Our connections: Western policies helped Jihadi groups thrive.

13 November 2014 | ResolutionPossible

2014 poppy, poppy appeal, WW1 Centenary

A paper poppy sold by the Royal British Legion for their Poppy Appeal 2014. We remember the fallen, but do we know how we are connected to today’s wars?

 

 

 

 

 

 

 

 

 

 

 

It is only two days since Armistice Day, the day to mark the end of World War I. This war that was meant to end all wars started 100 years ago. While we remember all those who fell during the conflict, it is important to look back at the last 100 years in our history and consider how far we have come in terms of ending all wars.

While war continues in the Middle East, countries who have spent the last view days grieving over those who were lost 100 years ago are still sending out men and women to fight. We cannot help but wonder why.

War, Umayyad Mosque, Aleppo, Syria

The Umayyad Mosque in Aleppo, Syria, before and after the conflict began. The contrast of the two images saddens us with the devastation caused by war, yet how much do we know about our responsibility for it? (Images via the New York Post, by Reuters)

Today the BBC published an interview with Mohammad Fneish, Lebanese Minister of Parliamentary Affairs. Mr Fneish shares his views that “if we want to point out the responsibilities, we must look at the development of events from the beginning and who really contributed to how Syria reached this crisis.” He explains that his party, Hezbollah, had been calling for dialogue since the violence broke out. However, there was “interference by international and regional powers to push for instability in Syria and the arming of the opposition.”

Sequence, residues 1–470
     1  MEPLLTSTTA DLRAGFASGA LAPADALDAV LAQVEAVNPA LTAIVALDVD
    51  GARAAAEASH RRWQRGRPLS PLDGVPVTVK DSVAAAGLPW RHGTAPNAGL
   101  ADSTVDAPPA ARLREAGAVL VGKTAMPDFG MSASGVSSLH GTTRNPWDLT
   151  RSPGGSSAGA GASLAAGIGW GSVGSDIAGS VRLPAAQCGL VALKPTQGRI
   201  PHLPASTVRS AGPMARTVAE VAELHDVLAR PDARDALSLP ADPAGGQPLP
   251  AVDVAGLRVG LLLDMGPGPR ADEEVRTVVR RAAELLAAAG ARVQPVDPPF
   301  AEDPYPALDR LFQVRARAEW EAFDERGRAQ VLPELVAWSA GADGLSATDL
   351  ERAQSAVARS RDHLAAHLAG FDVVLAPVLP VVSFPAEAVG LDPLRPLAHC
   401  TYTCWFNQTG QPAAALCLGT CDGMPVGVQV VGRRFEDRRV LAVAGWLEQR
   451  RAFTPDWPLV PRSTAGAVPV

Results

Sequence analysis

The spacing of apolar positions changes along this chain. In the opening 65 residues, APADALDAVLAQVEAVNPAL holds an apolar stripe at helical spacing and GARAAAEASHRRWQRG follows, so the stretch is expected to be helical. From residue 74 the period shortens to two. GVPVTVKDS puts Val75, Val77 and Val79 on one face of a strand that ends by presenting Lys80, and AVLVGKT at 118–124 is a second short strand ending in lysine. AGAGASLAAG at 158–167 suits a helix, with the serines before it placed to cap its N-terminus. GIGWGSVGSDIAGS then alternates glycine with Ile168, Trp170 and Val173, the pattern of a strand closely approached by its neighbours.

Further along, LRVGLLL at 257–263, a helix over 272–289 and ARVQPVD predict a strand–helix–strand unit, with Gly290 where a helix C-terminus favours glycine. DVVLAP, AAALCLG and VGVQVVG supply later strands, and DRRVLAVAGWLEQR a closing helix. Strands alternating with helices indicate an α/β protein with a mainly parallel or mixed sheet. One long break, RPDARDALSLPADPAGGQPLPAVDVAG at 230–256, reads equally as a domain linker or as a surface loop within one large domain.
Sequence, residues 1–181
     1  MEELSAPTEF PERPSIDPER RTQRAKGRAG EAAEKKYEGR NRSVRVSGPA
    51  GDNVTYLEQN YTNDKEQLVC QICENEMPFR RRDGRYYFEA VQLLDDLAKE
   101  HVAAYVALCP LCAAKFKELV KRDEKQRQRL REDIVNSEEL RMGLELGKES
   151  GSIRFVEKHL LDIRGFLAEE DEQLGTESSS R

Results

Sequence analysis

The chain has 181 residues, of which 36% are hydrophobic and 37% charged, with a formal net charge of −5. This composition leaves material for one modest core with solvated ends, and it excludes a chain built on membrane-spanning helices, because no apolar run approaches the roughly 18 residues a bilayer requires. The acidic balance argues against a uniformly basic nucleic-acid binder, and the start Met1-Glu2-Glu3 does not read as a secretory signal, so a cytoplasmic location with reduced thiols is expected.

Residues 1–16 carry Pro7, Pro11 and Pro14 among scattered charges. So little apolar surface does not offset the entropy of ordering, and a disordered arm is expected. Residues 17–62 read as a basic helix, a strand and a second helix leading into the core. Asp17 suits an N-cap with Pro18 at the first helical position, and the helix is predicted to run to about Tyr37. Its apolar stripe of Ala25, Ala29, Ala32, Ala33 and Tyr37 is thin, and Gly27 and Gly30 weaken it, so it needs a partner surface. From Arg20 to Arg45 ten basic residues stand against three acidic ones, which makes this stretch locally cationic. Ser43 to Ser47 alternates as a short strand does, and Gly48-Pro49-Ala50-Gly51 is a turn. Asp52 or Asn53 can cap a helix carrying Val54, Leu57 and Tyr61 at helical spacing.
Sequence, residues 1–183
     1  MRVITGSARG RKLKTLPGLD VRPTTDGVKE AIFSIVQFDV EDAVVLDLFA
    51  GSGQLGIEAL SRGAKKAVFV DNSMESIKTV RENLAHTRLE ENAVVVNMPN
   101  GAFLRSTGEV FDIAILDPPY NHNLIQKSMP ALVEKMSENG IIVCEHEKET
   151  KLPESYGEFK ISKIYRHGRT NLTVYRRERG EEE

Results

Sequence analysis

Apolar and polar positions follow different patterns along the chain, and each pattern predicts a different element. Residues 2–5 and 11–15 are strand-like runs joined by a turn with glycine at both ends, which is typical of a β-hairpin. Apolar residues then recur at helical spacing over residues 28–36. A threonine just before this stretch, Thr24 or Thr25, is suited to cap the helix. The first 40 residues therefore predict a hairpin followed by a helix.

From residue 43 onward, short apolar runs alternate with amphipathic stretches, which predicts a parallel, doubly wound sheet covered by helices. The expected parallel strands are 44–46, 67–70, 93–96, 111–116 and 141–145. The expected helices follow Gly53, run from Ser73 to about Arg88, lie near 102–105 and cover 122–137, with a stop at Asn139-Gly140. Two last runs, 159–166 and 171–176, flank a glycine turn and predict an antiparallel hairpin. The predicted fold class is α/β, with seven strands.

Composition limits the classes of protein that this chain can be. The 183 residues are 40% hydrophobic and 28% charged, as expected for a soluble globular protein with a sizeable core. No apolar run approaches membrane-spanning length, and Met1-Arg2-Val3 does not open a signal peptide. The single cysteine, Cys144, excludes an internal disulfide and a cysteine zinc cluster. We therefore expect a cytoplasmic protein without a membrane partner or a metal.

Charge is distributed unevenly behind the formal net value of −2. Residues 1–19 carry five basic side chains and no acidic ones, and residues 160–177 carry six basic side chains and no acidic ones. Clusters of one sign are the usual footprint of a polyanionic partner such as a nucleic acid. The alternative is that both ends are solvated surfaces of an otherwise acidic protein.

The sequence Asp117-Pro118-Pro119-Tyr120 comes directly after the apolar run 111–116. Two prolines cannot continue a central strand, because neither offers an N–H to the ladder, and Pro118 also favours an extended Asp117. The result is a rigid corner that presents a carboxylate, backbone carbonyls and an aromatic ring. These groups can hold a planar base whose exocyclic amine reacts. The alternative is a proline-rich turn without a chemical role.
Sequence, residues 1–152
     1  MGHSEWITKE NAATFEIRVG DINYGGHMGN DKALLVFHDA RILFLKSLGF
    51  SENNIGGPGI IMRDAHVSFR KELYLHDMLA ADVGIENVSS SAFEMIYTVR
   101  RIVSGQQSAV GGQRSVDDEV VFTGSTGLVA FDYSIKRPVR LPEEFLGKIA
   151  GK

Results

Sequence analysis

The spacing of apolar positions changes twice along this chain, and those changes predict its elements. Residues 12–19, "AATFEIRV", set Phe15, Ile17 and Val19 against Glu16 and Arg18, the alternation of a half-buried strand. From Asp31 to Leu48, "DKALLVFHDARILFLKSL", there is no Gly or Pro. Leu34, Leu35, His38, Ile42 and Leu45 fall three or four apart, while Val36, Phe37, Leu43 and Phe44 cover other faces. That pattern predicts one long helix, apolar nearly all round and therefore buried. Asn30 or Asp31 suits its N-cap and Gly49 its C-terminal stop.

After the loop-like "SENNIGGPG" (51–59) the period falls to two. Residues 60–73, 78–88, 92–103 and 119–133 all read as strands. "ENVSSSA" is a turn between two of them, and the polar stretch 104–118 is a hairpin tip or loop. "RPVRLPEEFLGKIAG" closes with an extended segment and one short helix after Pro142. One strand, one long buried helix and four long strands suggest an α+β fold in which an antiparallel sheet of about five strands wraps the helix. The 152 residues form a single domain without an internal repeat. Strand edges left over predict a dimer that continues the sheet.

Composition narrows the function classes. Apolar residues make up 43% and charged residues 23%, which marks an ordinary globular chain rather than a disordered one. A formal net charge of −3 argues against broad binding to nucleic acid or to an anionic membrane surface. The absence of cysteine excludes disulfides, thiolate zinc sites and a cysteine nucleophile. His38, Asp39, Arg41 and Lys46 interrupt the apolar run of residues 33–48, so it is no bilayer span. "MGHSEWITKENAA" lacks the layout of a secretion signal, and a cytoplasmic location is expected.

The BBC journalist, Mishal Husain, suggests that Hezbollah and the West are now potentially allies, both fighting ISIS, and asks what Hezbollah can contribute to this alliance. Mr Fneish calmly explains to her that “jihadi groups would not have thrived and expanded if it wasn’t for some policies by Western states, like the US, Britain and France.” He dismisses her assumption that Hezbollah would want to ally itself with and trust Western governments:

“Those [Western] states aren’t coming here to save Syria, not to liberate the area from those groups. They are here to save themselves and protect themselves and the security of their allies [Israel]. And their approach to dealing with those groups is not in a comprehensive project, but dealing selectively according to what serves their own interests.”

Have a listen to the interview and see what you think. The reason why we are highlighting it here today is not so much to do Middle Eastern tensions specifically, rather what struck us was the underlying message: Do we really know how much we ourselves are perpetuating conflicts? We are quick to fear potential threats to Western society, but does this fear obstruct our ability to think rationally and ask questions?

Food for thought. Please feel free to share your views with us.

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